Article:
Common Earless Lizard (Holbrookia maculata)

photo by Robert L. Bezy and Kathryn Bolles

Male Speckled Earless Lizard. Photo by Robert L. Bezy and Kathryn Bolles

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Description

The taxonomy of the Holbrokia maculata complex is still a tangled ball of twine in desperate need of teasing apart. Three articles appeared in the December 2010 issue of the Sonoran Herpetologist that summarize the problems in this confusing group of earless lizards (Bezy 2010, Jones 2010a&b).  Owing to his diligent work measuring characters and comparing lizards across southern Arizona, Bezy’s 2010 work paints the best picture we have of the distribution of the Elegant and Common Earless Lizards (H. elegans and maculata) in the 100-Mile Circle and Arizona.  That paper is reproduced as the Elegant Earless Lizard species account here in the 100-Mile Circle, and those further interested in the Common Earless Lizard should also consult that account.

Bezy’s Figure 1 is Ralph Axtell’s (2009) compilation of differences between the Elegant and Common Earless Lizards.  Based on that and examination of specimens, Bezy concluded that, in Arizona, the Common Earless Lizard occurs in two distinct regions (above and below the Mogollon Rim), which also form distinct morphological and genetic groups (also see Blaine 2008).   Below the Rim, the Common Earless Lizard “is confined largely to the grasslands of the southeastern part of the state: localities near Sonoita, Elgin, Fry, Tombstone, Willcox, and the western and eastern flanks of the Chiricahua and Dos Cabezas mountains, north to the southern bajada of the Winchester Mountains.”  Above the Rim, the species “occurs from the New Mexico border west to at least Seligman, Yavapai County” (Bezy 2010).   Earless Lizards from the Huachuca and Patagonia mountains were not always assignable to species, partially due to a patternless form that is fairly common in those areas.  Lizards from the Huachuca Mountains that could be assigned to species were identified as Common Earless Lizards, whereas in the Patagonia Mountains, identifiable lizards were always found to be Elegant Earless Lizards.  According to Rorabaugh and Lemos-Espinal (2016), a third form of Earless Lizard (H. approximans) occurs in the Sierra San Luis, Sonora, near the border with Arizona.  It has a short tail (like the Common Earless Lizard) but there is no orange spot on the throat.  This form may occur in the mountains of southeastern Arizona.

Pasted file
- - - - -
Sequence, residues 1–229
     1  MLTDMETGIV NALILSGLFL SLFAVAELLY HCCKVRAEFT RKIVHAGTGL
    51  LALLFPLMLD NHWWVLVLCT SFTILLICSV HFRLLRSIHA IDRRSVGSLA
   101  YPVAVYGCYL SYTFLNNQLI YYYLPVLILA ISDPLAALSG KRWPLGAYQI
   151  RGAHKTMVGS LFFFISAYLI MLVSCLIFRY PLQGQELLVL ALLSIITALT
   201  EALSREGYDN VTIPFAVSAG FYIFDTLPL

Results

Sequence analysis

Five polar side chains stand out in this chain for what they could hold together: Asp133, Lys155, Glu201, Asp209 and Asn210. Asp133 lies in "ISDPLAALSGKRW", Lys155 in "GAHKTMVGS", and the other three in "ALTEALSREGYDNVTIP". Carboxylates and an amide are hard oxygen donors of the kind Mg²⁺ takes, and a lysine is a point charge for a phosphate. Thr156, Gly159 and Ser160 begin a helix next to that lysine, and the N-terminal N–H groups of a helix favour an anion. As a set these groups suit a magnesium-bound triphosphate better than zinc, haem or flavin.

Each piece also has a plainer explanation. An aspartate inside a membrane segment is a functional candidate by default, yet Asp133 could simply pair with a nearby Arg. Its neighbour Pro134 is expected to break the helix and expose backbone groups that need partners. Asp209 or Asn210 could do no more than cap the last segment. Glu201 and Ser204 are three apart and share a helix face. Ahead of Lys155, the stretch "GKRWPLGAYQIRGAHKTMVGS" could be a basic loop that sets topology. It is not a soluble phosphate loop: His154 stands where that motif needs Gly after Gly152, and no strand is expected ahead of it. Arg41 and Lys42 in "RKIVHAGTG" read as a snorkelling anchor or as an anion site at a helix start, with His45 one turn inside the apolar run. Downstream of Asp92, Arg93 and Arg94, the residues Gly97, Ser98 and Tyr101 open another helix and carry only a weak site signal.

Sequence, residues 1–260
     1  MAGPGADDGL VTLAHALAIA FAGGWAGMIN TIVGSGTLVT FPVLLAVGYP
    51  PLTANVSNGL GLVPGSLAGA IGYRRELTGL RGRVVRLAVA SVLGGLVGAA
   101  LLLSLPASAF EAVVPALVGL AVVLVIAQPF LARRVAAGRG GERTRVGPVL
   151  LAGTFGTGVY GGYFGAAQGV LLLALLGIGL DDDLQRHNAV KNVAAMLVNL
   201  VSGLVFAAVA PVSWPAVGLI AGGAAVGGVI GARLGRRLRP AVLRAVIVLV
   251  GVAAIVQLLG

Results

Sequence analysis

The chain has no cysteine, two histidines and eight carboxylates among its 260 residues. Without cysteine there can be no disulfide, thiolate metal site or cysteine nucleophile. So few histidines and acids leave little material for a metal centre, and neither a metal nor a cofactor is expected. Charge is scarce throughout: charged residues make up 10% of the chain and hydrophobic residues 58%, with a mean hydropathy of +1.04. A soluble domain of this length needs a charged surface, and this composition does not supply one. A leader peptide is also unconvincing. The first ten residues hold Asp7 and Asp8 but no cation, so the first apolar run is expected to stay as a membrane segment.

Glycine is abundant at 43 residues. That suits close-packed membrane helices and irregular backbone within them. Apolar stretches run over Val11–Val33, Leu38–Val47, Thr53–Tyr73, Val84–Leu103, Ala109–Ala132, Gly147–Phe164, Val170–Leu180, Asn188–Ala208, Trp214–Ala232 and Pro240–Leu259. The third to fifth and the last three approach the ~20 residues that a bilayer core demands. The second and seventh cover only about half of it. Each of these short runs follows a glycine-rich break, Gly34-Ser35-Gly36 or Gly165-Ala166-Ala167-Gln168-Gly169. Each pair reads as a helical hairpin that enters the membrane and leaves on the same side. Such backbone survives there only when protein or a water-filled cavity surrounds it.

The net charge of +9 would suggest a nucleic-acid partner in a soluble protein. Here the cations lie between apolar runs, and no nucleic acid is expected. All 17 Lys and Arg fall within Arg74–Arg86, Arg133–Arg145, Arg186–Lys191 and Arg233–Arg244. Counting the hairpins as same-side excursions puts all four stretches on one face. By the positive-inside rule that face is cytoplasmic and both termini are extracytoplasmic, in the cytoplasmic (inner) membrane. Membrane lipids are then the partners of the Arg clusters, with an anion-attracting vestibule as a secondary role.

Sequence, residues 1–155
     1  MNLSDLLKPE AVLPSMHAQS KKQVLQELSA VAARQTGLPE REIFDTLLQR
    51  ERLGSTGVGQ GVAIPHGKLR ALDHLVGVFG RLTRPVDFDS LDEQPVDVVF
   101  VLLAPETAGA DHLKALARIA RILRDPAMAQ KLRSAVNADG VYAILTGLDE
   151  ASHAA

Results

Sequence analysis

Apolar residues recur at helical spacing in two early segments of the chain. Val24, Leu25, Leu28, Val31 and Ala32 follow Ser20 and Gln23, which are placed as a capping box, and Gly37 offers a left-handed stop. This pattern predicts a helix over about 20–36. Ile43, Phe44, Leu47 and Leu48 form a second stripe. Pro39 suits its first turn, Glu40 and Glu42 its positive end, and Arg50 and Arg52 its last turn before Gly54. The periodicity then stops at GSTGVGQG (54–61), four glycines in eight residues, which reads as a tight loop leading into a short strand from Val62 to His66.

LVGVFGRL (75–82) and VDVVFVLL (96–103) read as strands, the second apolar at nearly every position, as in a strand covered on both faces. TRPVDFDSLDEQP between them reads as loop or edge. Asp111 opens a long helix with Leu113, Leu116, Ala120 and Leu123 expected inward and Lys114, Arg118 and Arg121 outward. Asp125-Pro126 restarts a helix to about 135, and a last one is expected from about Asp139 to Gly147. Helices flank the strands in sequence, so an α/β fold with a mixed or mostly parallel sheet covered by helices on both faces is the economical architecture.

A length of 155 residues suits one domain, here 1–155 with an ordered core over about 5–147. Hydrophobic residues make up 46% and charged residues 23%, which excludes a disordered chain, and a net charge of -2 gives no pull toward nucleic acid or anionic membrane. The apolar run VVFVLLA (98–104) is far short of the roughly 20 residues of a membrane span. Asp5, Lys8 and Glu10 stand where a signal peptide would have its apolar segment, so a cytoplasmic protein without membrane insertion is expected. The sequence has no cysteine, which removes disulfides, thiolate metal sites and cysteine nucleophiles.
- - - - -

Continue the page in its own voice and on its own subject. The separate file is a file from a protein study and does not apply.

In the 100-Mile Circle, the Common Lesser Earless Lizard occurs primarily in semi-desert and Plains grasslands, but also ventures into oak savanna, and a record from “Tombstone” would place it in Chihuahuan desertscrub.  The natural history of this species is poorly studied in Arizona, and due to the taxonomic issues, extrapolating demographic information from other areas is probably unwise; however, Rosenblum et al. (2009) summarized what is known of the species throughout its presumed range, which as they define it includes portions of Arizona east to central Texas, south to Durango, and north to southern South Dakota and southeastern Wyoming.  The following is taken from that publication, as well as Degenhardt et al. (1996), Ballinger et al. (2010), and other sources as cited.